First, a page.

Archive | August 19, 2022

Smidgen: How to Make a Pet Monster 3

Smidgen: How to Make a Pet Monster 3

Smidgen: How to Make a Pet Monster 3











Smidgen: How to Make a Pet Monster 3

Lili Wilkinson

Alex Patrick

Albert Street, 2022

200pp., pbk., RRP $A14.99


Life has changed dramatically for 11-year=old Artie.  He and his mum have just moved into a spooky old house with his mum’s new partner, and while he’s OK with that (even if he doesn’t know quite what to call the partner) he has also gained a sister – one who is a year older than he and who terrifies him.

Artie also likes to read his Junior Scientist magazine bur he is having trouble finding a quiet place to do so – he can’t read downstairs because his mother is renovating; he can’t read in the kitchen because David Cole (what he has settled on calling him that) is making dinner; and he can’t read in his room because Willow is being too noisy, shouting on her phone to her friends and playing her electric guitar “making sounds like someone is stomping on a bag of cats”. so he ventures up to the attic and that’s where he discovers The Bigge Boke of Fetching Monsters.  Unfortunately, before he has a chance to hide it, Willow discovers it and she insists on trying out the instructions.  Artie, who doesn’t believe in monsters at all because, like ghosts and skeletons and other things that live in haunted houses like his, they don’t exist, is very apprehensive but Willow is insistent. And the fun begins…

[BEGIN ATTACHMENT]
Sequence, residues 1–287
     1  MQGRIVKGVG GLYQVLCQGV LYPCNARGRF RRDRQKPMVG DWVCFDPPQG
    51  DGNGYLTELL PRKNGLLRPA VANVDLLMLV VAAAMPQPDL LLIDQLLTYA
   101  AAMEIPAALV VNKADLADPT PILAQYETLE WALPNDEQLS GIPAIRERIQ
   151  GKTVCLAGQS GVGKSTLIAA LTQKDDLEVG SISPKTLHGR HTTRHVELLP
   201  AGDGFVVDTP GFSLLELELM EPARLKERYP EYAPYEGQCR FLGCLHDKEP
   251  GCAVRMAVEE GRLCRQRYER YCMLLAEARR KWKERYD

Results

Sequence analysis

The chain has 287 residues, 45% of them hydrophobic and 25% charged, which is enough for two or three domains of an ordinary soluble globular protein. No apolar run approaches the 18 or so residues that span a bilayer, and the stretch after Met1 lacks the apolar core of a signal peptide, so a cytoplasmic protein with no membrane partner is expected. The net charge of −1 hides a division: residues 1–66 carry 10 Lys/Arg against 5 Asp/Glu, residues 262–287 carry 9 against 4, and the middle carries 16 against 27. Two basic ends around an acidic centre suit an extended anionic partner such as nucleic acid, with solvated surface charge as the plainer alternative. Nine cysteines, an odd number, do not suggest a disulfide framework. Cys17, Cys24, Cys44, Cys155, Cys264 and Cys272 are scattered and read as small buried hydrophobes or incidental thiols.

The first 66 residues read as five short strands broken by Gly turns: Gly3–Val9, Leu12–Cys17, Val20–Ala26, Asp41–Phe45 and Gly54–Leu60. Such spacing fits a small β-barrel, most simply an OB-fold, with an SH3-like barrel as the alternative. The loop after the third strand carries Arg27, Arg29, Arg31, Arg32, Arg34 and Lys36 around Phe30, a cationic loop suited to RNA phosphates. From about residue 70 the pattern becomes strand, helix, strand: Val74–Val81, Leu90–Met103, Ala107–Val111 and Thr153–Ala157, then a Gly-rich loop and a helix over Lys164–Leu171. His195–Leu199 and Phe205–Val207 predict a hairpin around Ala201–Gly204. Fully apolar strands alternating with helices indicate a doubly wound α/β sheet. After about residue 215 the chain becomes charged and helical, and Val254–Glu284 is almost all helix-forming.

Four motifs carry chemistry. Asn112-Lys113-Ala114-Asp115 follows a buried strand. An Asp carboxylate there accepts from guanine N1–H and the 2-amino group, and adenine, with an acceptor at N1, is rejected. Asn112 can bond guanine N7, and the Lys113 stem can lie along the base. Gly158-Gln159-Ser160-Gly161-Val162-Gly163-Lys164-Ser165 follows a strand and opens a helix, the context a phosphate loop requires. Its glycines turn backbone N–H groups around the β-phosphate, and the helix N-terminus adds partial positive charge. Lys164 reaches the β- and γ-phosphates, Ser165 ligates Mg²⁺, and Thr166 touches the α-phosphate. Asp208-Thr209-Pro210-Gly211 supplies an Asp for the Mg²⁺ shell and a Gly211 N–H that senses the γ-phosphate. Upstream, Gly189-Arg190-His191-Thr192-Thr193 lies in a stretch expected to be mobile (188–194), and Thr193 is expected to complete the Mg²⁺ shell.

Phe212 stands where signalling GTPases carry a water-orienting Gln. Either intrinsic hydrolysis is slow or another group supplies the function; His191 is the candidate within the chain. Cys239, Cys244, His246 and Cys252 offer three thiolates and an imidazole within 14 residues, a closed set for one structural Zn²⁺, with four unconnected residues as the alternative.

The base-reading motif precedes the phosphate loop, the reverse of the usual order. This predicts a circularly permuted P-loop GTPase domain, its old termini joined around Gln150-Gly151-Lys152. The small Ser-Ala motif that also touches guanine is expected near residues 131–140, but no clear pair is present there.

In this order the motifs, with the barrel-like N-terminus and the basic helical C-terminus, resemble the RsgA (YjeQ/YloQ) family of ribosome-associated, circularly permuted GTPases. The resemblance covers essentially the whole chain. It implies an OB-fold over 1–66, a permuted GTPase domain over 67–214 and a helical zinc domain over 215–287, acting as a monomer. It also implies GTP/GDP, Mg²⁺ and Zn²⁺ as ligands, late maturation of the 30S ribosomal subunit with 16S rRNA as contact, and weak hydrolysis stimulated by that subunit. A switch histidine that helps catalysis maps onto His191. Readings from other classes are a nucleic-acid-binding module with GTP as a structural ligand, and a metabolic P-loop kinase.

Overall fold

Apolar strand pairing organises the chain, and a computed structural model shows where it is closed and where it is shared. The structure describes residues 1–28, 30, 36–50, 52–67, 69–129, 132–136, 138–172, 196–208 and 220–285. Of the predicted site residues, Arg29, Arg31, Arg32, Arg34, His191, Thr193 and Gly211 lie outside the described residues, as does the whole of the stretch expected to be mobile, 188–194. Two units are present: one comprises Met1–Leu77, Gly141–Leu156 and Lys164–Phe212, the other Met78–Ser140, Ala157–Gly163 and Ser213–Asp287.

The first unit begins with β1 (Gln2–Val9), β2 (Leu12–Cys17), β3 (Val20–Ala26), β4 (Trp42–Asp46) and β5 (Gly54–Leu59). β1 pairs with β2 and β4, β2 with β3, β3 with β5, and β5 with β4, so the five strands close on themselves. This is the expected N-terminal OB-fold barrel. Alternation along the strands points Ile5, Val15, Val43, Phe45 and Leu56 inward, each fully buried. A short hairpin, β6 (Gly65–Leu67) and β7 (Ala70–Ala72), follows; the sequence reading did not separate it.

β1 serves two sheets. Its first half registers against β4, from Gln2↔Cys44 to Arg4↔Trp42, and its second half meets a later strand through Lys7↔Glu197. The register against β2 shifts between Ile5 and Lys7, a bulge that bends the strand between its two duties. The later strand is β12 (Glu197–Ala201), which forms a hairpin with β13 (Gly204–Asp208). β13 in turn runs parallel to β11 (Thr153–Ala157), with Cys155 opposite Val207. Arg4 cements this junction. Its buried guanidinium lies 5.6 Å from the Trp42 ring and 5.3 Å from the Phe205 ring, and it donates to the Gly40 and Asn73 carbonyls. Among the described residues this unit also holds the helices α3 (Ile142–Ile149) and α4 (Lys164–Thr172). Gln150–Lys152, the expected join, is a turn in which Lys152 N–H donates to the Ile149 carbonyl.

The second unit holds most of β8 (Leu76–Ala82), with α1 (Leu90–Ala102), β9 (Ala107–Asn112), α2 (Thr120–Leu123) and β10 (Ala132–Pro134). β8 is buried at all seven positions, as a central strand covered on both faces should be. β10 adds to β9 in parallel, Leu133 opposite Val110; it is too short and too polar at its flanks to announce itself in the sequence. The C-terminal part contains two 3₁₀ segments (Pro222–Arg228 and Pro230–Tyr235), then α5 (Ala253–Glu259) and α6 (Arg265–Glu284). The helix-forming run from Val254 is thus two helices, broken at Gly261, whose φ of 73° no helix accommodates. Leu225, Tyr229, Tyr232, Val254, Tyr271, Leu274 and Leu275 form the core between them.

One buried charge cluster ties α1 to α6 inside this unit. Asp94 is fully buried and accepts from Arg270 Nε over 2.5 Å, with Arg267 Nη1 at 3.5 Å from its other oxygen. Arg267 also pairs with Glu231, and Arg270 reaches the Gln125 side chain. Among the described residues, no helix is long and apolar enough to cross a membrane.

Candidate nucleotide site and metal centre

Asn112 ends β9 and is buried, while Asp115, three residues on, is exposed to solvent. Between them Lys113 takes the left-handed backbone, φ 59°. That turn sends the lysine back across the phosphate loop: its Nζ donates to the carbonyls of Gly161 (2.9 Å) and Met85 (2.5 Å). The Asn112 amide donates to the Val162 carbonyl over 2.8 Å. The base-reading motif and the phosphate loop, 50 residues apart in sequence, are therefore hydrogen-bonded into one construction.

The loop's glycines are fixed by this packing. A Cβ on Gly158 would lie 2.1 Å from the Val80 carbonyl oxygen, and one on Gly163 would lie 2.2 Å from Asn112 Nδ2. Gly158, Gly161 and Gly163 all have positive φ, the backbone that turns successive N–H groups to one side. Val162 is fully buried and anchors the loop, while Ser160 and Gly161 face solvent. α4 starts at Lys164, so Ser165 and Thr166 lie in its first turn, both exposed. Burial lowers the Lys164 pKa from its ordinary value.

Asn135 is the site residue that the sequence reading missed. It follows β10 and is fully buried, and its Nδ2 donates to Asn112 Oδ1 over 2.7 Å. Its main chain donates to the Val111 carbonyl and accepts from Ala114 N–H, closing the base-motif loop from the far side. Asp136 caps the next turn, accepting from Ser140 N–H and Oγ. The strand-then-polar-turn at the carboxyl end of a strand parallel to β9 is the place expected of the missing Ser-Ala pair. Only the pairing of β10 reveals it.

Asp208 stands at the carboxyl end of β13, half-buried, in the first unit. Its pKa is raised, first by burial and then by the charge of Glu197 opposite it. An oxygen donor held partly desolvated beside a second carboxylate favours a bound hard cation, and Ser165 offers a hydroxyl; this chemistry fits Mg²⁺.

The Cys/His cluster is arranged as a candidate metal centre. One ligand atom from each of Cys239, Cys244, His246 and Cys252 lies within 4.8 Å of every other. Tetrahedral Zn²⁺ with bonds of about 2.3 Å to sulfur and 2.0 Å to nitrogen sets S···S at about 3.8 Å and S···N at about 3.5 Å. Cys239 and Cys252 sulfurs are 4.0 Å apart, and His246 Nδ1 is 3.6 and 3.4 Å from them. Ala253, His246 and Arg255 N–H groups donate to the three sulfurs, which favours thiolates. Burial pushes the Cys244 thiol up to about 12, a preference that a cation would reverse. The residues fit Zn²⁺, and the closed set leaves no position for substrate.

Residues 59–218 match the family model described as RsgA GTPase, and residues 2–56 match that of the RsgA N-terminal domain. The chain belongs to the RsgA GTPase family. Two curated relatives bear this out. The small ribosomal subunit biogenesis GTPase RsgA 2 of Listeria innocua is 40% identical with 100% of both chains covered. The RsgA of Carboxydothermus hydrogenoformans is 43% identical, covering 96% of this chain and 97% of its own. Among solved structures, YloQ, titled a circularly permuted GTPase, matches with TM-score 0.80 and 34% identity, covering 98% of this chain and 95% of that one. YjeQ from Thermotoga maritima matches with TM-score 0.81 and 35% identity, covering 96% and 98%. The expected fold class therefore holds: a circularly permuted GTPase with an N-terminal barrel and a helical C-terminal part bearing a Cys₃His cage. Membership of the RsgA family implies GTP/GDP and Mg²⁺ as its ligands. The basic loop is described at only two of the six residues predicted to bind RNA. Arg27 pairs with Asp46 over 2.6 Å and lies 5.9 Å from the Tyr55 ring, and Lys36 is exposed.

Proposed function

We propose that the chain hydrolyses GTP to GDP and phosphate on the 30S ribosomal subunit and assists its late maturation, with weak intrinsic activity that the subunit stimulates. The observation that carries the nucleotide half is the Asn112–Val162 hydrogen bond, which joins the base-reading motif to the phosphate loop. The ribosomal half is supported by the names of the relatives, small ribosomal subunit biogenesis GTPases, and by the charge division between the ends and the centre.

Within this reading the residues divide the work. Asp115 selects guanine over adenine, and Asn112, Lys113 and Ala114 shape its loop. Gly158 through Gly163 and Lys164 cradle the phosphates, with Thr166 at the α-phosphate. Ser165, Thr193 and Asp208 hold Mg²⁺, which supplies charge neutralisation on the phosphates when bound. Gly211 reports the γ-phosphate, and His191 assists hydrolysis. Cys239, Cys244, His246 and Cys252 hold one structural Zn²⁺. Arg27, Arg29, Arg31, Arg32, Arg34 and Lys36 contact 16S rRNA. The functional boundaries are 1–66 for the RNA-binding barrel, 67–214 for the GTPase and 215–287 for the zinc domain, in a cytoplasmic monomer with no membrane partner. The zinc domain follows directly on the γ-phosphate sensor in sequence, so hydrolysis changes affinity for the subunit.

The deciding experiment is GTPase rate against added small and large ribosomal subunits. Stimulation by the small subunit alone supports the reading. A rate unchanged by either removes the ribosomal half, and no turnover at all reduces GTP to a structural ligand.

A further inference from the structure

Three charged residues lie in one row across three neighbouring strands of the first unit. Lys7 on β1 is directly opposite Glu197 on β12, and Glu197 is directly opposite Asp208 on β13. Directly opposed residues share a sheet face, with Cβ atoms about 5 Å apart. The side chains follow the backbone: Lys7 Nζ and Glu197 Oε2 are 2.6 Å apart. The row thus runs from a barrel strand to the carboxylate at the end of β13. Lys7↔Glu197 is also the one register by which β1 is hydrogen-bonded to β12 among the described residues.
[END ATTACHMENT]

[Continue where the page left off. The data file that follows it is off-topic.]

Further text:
Now having made Hodgepodge , who is now Artie’s best friend, and Flummox  who has gone to live with their neighbour, Willow wants to try again.  But Artie is not so sure – perhaps they have pushed their luck too far and will get something not as friendly this time. 

Written and formatted for those who are newly independent readers with short chapters, larger font and lots of illustrations, this is the third in this series that will appeal to those who are a bit like Artie and a little afraid of what’s beyond their immediate world, as well as those like Willow who push on regardless – and even those who sit somewhere in between.  With its two predecessors, it’s a solid series to encourage young readers to keep reading.  Being able to bring prior knowledge to a story adds extra confidence and so this is one that should be read in sequence. although there is enough support built in for it to be a stand-alone.